Taste of Lund doles out neat treats
Scandinavian delectables have themselves a tad bit of a reputation.
“They are a lot, a lot of work,” said Sharon Westerholm, who knows firsthand how time-intensive and high maintenance they can be, as she tackles four batches of fattigmann, a Scandinavian fried cookie that she ties perfectly into a bow — each and every one of them.
“Oh, but they are so good,” she said.
Westerholm is one of about 20 women at the Lund Church near Richwood who are once again busy preparing for the ever-popular Taste of Lund, set for Saturday, Oct. 12, from 9 a.m. to 1 p.m.
The 10th annual event is a chance for the ladies of Lund to show off their rare and impressive Scandinavian baking talents, and more importantly, a chance for the community to fully appreciate those talents.
“We do have some people who will start lining up at the door before we even open to make sure they get (what they want),” said Westerholm, who is chairing the event, “because we have run out before, so sometimes we don’t quite make it to 1 o’clock.”
On display for sampling will be some of the all-time Scandinavian favorites, such as rommegrot (a Norwegian porridge made with cream, flower, butter and salt), sandbakkels (a delicate sugar cookie), krumkake (a decorative waffle cookie), julekake (a bread cake often served up at the holidays, krensekake (a Swedish wedding cake), fruit soup, Swedish almond cake, lefse and Swedish cream.
“And then we’ve also got somebody making potato candy,” said Westerholm, “and that is so delicious — my grandkids just love it.”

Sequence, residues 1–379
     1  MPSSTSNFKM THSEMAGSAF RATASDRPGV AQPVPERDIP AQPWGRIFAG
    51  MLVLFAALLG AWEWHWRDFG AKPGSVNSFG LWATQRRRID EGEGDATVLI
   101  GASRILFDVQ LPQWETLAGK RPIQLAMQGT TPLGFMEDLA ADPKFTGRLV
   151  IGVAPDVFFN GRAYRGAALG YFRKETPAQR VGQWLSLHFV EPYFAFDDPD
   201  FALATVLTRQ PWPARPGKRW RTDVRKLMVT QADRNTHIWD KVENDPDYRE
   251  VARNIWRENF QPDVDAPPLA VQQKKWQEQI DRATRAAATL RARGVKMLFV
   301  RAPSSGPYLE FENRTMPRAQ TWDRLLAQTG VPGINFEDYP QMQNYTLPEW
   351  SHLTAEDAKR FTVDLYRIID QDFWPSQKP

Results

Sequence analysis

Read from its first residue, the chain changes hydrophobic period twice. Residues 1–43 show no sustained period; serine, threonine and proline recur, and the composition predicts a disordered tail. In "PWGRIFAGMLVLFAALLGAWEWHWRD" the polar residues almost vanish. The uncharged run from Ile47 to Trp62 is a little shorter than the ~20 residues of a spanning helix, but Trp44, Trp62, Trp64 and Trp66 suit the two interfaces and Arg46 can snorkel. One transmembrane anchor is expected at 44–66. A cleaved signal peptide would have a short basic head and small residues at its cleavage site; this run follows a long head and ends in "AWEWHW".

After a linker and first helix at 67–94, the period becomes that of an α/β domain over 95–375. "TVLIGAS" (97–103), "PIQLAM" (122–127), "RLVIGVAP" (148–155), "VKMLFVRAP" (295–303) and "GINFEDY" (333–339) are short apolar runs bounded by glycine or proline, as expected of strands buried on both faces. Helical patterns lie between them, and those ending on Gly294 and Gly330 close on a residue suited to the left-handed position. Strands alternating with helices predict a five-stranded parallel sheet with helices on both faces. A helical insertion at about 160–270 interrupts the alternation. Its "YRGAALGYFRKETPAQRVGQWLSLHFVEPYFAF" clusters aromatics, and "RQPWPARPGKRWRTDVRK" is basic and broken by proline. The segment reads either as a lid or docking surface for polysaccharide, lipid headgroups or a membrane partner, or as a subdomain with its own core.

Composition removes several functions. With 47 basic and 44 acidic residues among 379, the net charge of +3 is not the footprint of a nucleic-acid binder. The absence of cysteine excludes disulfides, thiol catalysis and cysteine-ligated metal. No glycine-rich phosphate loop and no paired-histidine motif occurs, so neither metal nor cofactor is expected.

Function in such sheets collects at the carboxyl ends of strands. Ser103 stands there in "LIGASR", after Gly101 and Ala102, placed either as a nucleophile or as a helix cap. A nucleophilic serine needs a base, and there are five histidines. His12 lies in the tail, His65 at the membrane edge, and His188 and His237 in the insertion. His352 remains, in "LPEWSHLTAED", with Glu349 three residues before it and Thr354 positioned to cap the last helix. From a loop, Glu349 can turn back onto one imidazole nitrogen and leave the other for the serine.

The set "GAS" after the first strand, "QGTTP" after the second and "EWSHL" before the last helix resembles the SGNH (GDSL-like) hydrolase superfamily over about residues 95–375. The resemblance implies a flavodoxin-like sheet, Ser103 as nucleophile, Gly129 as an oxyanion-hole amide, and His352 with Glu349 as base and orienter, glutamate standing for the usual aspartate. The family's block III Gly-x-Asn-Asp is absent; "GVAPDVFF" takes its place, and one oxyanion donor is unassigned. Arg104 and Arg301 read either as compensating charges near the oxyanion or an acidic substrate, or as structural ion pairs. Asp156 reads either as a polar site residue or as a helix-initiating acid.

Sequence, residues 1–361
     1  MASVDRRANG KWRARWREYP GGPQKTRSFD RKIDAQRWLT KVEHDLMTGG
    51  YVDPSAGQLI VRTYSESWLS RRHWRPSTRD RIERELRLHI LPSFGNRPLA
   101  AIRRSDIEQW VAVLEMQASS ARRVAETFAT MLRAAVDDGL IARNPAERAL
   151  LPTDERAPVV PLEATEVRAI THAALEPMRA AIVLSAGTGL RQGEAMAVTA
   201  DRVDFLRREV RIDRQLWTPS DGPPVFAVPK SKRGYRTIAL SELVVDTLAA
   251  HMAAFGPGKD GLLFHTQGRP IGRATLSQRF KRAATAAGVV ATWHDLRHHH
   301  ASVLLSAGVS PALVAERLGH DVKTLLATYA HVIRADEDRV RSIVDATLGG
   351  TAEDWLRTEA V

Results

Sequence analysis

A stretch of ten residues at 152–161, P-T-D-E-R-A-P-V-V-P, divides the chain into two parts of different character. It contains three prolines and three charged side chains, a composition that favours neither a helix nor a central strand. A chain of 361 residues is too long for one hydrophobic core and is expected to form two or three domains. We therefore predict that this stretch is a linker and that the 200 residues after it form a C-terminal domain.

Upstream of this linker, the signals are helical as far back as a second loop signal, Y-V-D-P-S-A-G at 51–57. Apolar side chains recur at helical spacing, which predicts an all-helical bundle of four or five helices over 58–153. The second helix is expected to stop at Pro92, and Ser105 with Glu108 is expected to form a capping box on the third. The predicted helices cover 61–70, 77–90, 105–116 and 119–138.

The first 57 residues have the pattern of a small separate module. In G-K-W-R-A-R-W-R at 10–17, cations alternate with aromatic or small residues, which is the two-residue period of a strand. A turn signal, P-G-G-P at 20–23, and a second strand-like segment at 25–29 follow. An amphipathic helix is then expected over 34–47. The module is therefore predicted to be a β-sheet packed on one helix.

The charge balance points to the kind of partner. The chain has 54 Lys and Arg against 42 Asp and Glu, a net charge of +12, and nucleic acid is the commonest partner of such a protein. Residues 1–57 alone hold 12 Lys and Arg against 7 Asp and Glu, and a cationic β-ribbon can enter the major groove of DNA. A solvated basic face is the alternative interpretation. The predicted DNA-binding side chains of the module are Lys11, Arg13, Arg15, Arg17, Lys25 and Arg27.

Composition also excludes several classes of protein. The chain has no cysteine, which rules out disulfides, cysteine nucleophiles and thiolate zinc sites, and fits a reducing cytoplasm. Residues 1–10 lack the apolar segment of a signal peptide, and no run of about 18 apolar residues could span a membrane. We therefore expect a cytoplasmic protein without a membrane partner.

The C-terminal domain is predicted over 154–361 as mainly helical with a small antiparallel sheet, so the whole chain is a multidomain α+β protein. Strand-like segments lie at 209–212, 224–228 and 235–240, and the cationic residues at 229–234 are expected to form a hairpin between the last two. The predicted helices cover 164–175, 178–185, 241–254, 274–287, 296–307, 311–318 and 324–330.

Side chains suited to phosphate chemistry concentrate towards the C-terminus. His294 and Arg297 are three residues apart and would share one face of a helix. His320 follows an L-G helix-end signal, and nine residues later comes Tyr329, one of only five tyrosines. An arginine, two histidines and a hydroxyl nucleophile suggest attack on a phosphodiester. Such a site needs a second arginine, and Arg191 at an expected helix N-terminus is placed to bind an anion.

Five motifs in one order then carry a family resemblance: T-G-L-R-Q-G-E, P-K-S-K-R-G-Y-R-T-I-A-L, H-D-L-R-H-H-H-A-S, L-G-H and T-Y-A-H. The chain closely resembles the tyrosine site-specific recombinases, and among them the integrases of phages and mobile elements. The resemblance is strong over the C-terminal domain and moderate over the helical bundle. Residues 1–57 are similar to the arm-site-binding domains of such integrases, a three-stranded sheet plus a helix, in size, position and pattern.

The cost for the goodies is purchased through tickets at two for $1 or 12 for $5.
There will also be sandwiches and beverages available, as well as a typical bake sale.
The money raised from the event goes to the Lund Ladies, who then turn around and support local charities.
“We donate to the Lakes Crisis Center and the Compassion House, we help a student through the TeacHaiti project, and we also donate to the Hospice of the Red River Valley and to Mahube,” said Westerholm, who adds that the fundraiser remains popular in the area because people know what it takes to make the treats.
“Nobody else does it; it’s unique — a bit of a novelty,” she said, adding that they expect to get anywhere from 180 to 200 people.
“I know a lot of seniors love it because it’s so much work to make these types of delicacies, but people love to eat them,” she said.
Westerholm says the drive out to the historic, Scandinavian-style church located nine miles north of Detroit Lakes on Richwood Road is a beautiful one this time of year as well.
“The leaves will be just gorgeous out there,” she said.
The church is also holding its annual Swedish meatball dinner a couple of weeks later, on Sunday, Oct. 27.